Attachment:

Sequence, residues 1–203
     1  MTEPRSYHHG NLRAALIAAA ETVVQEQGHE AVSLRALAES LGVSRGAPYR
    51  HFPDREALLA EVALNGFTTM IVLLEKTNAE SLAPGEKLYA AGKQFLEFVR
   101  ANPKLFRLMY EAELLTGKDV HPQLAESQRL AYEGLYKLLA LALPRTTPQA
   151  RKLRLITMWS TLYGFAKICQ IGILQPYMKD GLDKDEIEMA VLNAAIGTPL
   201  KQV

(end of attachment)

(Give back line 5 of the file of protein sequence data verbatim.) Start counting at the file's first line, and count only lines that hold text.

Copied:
   151  RKLRLITMWS TLYGFAKICQ IGILQPYMKD GLDKDEIEMA VLNAAIGTPL